DRUMMER SCOTT ROCKENFIELD FILES LAWSUIT AGAINST HIS FORMER QUEENSRŸCHE BANDMATES MICHAEL WILTON AND EDDIE JACKSON
Blabbermouth.net recounts that founding Queensrÿche drummer Scott Rockenfield has filed a lawsuit against the band’s fellow original members Michael Wilton (guitar) and Eddie Jackson (bass), alleging, among other things, breach of contract, breach of fiduciary duty and wrongful discharge. Metal Sludge was the first to report on the lawsuit, which was filed on October 11th in Snohomish County Superior Court.
In the complaint, Rockenfield claims that he took paternal leave of absence from Queensrÿche in February 2017 after his fiancée experienced complications during the birth of their son and had to have an emergency Cesarean delivery. According to the drummer, his leave of absence was approved by the members of the band and he was to retain an equal one-third interest in all Queensrÿche companies (QR Companies), including Tri-Ryche Corporation, Melodisc LTD., Queensryche Merchandising, Inc., EMS Music, LLC and Queensryche Holdings, LLC.
The drummer argues that “Rockenfield, Wilton and Jackson are the remaining members of the band Queensrÿche, as well as the sole or majority shareholders and members of the entities controlling the intellectual property and contractual rights of said group, to wit the QR Companies.”
He alleges that or about October 11th, 2018, Wilton and Jackson purportedly “voted to dismiss Rockenfield from the QR Companies due in whole or in part to his taking of approved family leave. Rockenfield was informed of his purported dismissal from the QR Companies in a letter dated November 3rd, 2018.”
According to Rockenfield’s complaint, since 2017, Wilton and Jackson “have wrongfully withheld from Rockenfield all sources of income from the QR Companies in violation of the various Operating Agreements and Contracts governing the QR Companies for no lawful purpose.” In addition, they “have failed to provide Rockenfield with an accounting of the books, records, business and contracts of the QR Companies.”
Although Rockfenfield says he has continued to receive royalties from Tri-Ryche since February 2017 for the old catalogue, he claims he has “received no payments from Melodisc since February 2017, and no payments from Queensryche Merchandising since early 2018, and no payments from EMS since February 2017.”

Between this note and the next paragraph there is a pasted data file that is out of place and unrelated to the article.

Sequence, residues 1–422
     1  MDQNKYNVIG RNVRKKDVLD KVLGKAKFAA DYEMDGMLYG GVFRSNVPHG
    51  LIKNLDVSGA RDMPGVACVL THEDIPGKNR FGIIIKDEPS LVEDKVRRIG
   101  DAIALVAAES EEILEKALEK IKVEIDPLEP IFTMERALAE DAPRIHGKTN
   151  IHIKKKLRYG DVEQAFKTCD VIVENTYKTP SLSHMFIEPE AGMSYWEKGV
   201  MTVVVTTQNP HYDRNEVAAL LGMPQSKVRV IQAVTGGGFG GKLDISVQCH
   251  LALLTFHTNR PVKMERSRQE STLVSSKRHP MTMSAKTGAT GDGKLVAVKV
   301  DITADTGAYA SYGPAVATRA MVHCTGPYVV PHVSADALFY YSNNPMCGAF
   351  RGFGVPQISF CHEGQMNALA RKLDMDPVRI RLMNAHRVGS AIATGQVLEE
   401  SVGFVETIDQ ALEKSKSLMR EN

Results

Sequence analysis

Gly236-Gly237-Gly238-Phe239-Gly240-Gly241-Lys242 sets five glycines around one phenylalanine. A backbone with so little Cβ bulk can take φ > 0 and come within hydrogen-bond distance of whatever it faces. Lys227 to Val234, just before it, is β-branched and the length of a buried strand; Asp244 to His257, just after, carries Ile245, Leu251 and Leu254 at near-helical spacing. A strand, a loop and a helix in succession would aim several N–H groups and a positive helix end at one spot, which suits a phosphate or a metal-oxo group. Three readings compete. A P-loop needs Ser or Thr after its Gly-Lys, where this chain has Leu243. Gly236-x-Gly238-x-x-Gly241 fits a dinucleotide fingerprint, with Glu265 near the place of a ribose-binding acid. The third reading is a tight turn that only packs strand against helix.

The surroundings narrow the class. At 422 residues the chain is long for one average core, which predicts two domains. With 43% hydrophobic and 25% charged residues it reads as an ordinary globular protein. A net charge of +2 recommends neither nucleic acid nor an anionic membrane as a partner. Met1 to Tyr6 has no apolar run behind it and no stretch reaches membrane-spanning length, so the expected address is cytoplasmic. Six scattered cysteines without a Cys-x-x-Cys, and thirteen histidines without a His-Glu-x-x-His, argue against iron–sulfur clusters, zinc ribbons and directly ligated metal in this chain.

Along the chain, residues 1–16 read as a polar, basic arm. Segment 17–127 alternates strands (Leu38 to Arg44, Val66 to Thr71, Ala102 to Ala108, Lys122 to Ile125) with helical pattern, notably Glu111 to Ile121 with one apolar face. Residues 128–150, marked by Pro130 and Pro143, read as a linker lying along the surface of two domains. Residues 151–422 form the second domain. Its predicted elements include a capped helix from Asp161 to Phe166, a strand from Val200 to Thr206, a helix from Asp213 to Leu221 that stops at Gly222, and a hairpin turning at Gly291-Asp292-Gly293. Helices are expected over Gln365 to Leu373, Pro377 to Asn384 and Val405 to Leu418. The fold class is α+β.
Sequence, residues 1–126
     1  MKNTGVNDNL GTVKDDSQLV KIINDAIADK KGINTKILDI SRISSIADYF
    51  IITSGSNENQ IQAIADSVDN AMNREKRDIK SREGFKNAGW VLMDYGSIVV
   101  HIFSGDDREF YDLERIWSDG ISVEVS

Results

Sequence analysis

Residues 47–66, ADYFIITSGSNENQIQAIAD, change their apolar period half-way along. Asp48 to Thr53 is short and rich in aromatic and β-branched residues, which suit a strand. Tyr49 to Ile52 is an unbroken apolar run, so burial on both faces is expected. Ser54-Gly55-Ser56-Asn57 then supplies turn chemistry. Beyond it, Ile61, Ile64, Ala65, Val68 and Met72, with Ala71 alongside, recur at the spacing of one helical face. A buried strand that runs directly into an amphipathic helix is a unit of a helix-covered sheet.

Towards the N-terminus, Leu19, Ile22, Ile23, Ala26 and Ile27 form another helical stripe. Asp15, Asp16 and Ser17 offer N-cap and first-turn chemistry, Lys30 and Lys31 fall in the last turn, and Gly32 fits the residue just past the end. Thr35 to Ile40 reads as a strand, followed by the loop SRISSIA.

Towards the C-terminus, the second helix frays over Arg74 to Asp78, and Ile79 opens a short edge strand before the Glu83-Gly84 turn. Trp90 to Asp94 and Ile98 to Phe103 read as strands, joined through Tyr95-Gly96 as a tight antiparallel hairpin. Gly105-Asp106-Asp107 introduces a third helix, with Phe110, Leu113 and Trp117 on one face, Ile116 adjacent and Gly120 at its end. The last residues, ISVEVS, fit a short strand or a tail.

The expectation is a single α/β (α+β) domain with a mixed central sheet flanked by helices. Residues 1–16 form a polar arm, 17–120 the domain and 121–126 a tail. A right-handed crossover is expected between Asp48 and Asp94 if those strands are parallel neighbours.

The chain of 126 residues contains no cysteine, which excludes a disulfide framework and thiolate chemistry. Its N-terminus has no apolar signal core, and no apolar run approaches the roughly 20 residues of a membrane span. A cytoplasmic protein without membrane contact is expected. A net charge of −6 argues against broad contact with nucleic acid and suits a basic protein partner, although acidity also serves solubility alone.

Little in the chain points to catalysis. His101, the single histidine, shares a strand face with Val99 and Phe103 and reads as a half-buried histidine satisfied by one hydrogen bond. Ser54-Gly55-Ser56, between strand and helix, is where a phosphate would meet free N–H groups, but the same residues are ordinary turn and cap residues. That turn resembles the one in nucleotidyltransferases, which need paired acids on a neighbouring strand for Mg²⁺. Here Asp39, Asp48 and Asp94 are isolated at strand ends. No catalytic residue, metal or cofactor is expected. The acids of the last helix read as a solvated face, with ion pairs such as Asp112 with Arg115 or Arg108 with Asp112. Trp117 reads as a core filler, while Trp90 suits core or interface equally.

Rockfenfield also claims that Wilton and Jackson did not include him in the recording the band’s latest album, The Verdict, “despite his availability and willingness to participate.”
During all of 2017 and 2018, Rockenfield claims, he “remained active in all aspects of the QR Companies’ business, song writing, licensing options, and communications with the exception of touring.
During his family medical leave, Rockenfield was in constant and continued communication with the band, participated in writing songs, and prepared for the band’s recording schedule that was set to begin in early 2018,” the complaint reads.
“In October 2018, Rockenfield participated in negotiating a new extension of Queensrÿche’s 2013 recording contract with Century Media, which would add two (2) additional albums to the recording contract, and continued to work to secure seven very lucrative licensing offers on behalf of Queensrÿche,” according to the lawsuit.
Rockenfield claims to be “owed compensation for lost wages and profits as, as well as an amount equal to the present fair market value of his equity interest in the QR Companies as of his wrongful dismissal, plus interest thereon.”
Rockenfield’s lawsuit, which also names Wilton and Jackson’s wives as defendants, comes nine months after he shot down suggestions that he quit the band or retired from playing music. In January, the drummer shared an update on Facebook in which he said that fans “have not been given the facts by any means” and implied that he would offer more details at a later date.